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Anne Rice
Angel Time, Of Love and Evil


Original Airdate: April 3, 2011

 

About the Author

One of America's most read and celebrated authors, Anne Rice is known for weaving the visible and supernatural worlds together in epic stories that both entertain and challenge readers. She studied at Texas Women's University, San Francisco State College, and at the University of California, Berkeley. After a variety of jobs, including waitress, cook, and insurance claims examiner, she began her career as a writer of erotica and vampire novels.

Rice gained a vast cult readership for her supernatural novels. Her first, Interview with the Vampire, was published in 1976 and was made into a film in 1996 starring Tom Cruise and Brad Pitt. Rice was also known for her sadomasochistic erotica, including Beauty's Punishment. She also writes mainstream fiction using the pen name of Anne Rampling. Rice renounced her vampire novels after her return to the Catholic faith in 1998. It was then that she published Christ the Lord: Out of Egypt, her first novel in a trilogy chronicling the life of Jesus. She has since left New Orleans to live in Southern California in an effort to escape her fame as a novelist and live a simpler life. Rice was married to poet Stan Rice for 41 years until his death in 2002.

Bibliography:

Vampire Chronicles
Interview with the Vampire (1976)
The Vampire Lestat (1985)
The Queen of the Damned (1988)
The Tale of the Body Thief (1992)
Memnoch the Devil (1995)
The Vampire Armand (1998)
Merrick (2000)
Blood and Gold (2001)
Blackwood Farm (2002)
Blood Canticle (2003)

New Tales of the Vampires
Pandora (1998) (a Vampire Chronicle)
Vittorio the Vampire (1999)

The Lives of the Mayfair Witches
The Witching Hour (1990)
Lasher (1993)
Taltos (1994)

Vampire/Mayfair Crossover
Merrick (2000)
Blackwood Farm (2002)
Blood Canticle (2003)

The Life of Christ
Christ the Lord: Out of Egypt (2005)
Christ the Lord: The Road to Cana (2008)
Christ the Lord: the Kingdom of Heaven (in progress)

Songs of the Seraphim
Angel Time (2009)
Of Love and Evil (2010)

Miscellaneous Novels
The Feast of All Saints (1979)
The Master of Rampling Gate (Vampire Short Story) (1982)
Cry to Heaven (1982)
The Mummy (1989)
Servant of the Bones (1996)
Violin (1997)

Non-Fiction
Called Out of Darkness: A Spiritual Confession (2008) (autobiographical)

 

About this Book

Angel Time - The novel opens in the present. At its center is Toby O’Dare—a contract killer of underground fame on assignment to kill once again. A soulless soul, a dead man walking, he lives under a series of aliases and takes his orders from “The Right Man.” Into O’Dare’s nightmarish world of lone and lethal missions comes a mysterious stranger, a seraph, who offers him a chance to save rather than destroy lives. O’Dare, who long ago dreamt of being a priest but instead came to embody danger and violence, seizes his chance. Now he is carried back through the ages to thirteenth-century England, to dark realms where accusations of ritual murder have been made against Jews, where children suddenly die or disappear.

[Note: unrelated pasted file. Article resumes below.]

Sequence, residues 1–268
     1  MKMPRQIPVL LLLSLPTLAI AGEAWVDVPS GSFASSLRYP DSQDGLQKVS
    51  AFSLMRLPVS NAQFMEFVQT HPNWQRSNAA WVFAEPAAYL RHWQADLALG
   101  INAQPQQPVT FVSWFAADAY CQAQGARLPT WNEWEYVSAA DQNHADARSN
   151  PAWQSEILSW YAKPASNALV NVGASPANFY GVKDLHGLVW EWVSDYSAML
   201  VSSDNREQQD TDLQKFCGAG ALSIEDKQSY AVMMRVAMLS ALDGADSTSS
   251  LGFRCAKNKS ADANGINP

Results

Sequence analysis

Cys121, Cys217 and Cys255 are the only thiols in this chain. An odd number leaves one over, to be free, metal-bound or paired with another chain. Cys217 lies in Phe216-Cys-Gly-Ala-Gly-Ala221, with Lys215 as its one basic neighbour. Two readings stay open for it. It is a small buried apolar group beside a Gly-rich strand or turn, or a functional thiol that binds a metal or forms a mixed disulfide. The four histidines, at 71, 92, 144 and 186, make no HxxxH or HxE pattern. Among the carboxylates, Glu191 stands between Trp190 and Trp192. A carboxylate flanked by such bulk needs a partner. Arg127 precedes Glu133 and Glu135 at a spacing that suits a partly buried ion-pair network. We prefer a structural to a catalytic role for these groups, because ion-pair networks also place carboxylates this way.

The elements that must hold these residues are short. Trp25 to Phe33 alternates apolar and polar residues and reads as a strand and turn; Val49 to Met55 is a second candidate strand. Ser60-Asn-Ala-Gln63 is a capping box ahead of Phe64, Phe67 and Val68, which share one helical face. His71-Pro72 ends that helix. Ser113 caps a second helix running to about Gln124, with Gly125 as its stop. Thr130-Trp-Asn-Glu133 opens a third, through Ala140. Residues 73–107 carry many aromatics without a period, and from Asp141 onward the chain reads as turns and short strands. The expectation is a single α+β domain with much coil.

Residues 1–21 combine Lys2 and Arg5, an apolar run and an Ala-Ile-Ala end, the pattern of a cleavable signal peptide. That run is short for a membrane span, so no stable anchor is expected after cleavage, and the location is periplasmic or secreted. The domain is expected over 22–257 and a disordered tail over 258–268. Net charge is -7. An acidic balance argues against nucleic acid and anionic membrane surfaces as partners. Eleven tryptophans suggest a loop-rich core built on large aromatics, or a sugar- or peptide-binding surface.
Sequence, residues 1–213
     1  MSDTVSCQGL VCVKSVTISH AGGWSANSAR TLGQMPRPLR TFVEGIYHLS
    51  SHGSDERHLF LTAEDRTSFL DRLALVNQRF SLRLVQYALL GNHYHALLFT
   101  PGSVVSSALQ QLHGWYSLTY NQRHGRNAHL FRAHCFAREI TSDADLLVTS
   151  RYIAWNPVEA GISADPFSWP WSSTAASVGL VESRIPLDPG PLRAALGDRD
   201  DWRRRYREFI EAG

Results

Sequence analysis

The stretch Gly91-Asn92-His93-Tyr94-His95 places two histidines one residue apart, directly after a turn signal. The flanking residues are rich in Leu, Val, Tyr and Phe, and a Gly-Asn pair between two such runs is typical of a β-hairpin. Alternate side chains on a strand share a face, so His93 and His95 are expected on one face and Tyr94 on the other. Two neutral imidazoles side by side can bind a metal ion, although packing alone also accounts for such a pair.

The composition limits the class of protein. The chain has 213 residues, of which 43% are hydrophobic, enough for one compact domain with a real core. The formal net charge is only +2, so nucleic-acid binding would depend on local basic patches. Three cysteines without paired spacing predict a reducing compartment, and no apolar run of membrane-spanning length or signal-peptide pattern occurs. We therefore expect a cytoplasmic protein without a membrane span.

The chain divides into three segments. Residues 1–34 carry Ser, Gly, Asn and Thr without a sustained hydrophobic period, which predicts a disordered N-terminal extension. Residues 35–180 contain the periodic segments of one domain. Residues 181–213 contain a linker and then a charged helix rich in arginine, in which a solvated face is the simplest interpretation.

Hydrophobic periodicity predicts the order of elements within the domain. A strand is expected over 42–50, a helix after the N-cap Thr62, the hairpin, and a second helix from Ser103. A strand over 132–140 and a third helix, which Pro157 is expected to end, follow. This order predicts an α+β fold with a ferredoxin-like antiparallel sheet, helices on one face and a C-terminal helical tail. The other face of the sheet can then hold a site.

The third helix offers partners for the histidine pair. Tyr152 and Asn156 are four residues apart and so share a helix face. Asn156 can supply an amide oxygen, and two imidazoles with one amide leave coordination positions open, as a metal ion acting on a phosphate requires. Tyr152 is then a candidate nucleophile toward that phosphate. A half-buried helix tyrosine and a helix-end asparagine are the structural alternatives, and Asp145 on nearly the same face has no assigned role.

Of Love and Evil - Toby O’Dare is summoned by the angel Malchiah to fifteenth-century Rome—the city of Michelangelo and Raphael, of Leo X and the Holy Inquisition—to solve a terrible crime of poisoning and to uncover the secrets of an earthbound restless spirit, a diabolical dybbuk. Toby is plunged into this rich age as a lutist sent to charm and calm this troublesome spirit.

 

Extended Interview Videos



Host's Impressions

We had the opportunity to talk about the quiet rather than simply the loud, the back end of writing as much as the front end. Her new books are about angels, to be sure, but not simply about angels, and that’s what we were able to get at. We sometimes pigeonhole writers who have achieved some success and notoriety, so that talking through the critics and the preconceptions and getting to the page was a great, and happy, luxury.

 

More Resources

www.annerice.com

 

Transcript

ALBERTO RIOS: Welcome to "Books & Co." I'm your host, Alberto Rios. We're joined today by best-selling author Anne Rice who will be talking about her books, Angel Time and most recently, Of Love and Evil. Welcome, Anne.

ANNE RICE: Thank you for having me.